Health Reimbursement Arrangements

Health reimbursement arrangement plans are health and medical reimbursement plans compensated by your employer. Health reimbursement arrangement plans are tax-advantaged and both the employers and the employees can spend less for healthcare thanks to this. For health reimbursement arrangements, the plan must be compensated by the employer it cannot be funded by salary reduction. The plan can also provide benefits for substantiated medical expenses only. Some of the benefits are co-payments, co-insurance, prescription drugs, over the counter medicines, out of pocket medical expenses, dental and vision expenses and premiums. Health reimbursement arrangements can be either a separate benefits account or it can be with a Health Care Flexible Spending Account (FSA), though you cannot get two reimbursements for the same thing or the same expense. Also, any unused funds you acquire from your health reimbursement arrangement can be used for future purposes depending on how your plan works. As for how much will be contributed to your health reimbursement arrangement, it will depend on your employer’s plan document.

The Rules for Health Reimbursement Arrangements:
• Favorable tax treatment: Coverage under a health reimbursement arrangement and expenses reimbursed through it will not be taken from the covered individual’s gross income. With FSAs, however, an individual cannot have an income tax deduction for an expense that was covered by their health reimbursement arrangement.
• Solely an employer-paid benefit: Payment for the benefit cannot be taken from the employee’s salary; it can only be paid for by the employer’s money.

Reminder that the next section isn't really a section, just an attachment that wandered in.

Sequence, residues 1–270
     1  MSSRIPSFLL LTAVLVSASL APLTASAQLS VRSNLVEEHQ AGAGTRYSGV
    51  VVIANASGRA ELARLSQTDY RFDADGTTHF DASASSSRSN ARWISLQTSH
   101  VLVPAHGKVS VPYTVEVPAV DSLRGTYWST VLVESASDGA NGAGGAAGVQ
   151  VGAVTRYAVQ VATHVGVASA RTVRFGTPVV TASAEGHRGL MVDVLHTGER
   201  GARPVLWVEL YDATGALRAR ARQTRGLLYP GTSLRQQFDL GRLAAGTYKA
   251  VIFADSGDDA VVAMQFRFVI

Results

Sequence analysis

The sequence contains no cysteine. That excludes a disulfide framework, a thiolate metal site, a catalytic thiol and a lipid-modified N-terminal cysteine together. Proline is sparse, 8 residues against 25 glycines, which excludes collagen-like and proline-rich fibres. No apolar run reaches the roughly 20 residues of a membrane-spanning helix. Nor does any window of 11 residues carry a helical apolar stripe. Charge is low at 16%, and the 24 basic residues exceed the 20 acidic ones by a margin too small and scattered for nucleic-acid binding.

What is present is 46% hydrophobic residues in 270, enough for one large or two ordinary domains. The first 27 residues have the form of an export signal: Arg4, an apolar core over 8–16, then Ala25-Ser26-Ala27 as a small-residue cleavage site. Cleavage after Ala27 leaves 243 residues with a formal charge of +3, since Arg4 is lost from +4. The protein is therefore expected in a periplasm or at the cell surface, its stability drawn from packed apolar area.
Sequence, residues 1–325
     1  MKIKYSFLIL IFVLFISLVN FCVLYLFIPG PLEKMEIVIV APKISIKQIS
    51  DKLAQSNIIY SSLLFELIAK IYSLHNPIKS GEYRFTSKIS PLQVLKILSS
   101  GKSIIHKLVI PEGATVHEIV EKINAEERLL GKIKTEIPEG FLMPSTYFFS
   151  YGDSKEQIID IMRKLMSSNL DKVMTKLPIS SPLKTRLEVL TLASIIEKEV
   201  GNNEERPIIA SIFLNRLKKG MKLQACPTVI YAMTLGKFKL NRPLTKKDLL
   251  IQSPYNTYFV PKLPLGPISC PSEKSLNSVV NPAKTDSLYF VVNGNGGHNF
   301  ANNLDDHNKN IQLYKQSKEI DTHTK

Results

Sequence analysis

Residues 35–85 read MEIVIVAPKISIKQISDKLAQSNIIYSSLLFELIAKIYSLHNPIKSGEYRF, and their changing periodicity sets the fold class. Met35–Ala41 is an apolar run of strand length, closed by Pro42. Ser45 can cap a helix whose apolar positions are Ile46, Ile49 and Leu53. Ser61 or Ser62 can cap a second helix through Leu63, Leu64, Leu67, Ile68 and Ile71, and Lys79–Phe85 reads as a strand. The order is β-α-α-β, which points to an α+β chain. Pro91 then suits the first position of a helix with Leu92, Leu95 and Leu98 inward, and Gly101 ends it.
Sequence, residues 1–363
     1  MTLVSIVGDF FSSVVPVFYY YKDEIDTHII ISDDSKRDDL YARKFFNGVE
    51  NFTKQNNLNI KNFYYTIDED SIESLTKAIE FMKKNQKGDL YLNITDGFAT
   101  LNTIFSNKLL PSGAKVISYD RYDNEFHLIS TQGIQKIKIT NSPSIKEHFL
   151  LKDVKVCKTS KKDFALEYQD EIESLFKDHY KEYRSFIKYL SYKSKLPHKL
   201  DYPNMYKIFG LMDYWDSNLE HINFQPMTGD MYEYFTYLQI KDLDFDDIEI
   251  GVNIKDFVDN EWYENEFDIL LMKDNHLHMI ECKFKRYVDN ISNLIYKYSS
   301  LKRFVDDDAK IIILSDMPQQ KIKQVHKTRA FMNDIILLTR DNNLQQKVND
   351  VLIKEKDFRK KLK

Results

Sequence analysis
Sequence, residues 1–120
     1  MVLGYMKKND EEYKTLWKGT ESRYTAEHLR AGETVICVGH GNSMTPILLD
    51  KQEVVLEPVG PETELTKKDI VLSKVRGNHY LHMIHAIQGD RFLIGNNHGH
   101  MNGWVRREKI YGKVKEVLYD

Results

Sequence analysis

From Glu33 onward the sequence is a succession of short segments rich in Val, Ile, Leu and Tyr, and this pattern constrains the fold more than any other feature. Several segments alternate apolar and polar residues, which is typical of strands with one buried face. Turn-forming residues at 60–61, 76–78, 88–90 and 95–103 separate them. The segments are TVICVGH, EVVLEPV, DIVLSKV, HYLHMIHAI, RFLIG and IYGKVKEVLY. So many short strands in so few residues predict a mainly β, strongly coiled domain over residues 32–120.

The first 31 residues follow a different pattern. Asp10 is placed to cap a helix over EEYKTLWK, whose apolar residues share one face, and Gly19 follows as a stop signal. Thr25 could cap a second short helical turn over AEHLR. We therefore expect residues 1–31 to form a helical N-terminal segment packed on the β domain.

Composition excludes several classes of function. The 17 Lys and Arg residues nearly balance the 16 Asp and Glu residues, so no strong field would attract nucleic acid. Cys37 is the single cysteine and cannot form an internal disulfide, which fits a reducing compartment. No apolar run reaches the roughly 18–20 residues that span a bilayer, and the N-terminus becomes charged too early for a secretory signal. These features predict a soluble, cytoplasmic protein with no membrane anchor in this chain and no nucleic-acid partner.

• Reimbursement for medical expenses only: The reimbursements of the plan cannot be used for non-medical purposes. It can only be used for medical expenses as long as the individual shows proof.
• Carry-over of unused coverage: As explained above, individuals can use unused coverage for future purposes. Any unused amount will be added to the coverage the individual needs or gets in the future. However, the unused coverage cannot be received as cash either directly or non-directly.
• Retirees may be covered: Health reimbursement arrangements can cover former employees and the spouse and dependents of their former employees.
• Coordination with major medical plan: Health reimbursement arrangements can be offered with the employer’s primary group health plan. The employer may offer a high-deductible major medical plan along with coverage under the health reimbursement arrangement.
• Salary reduction may not be “linked” to the health reimbursement arrangement: In case of accidents and the like, the salary reduction money that would pay for the expenses can not be attributed to the health reimbursement arrangement.
• Coordination with flexible spending accounts
• COBRA: A health reimbursement arrangement is considered a “group health plan” for purposes of health care continuation coverage requirements under COBRA.
• Non-discrimination rules apply: Health reimbursement arrangements can not be offered to only high-paid executives.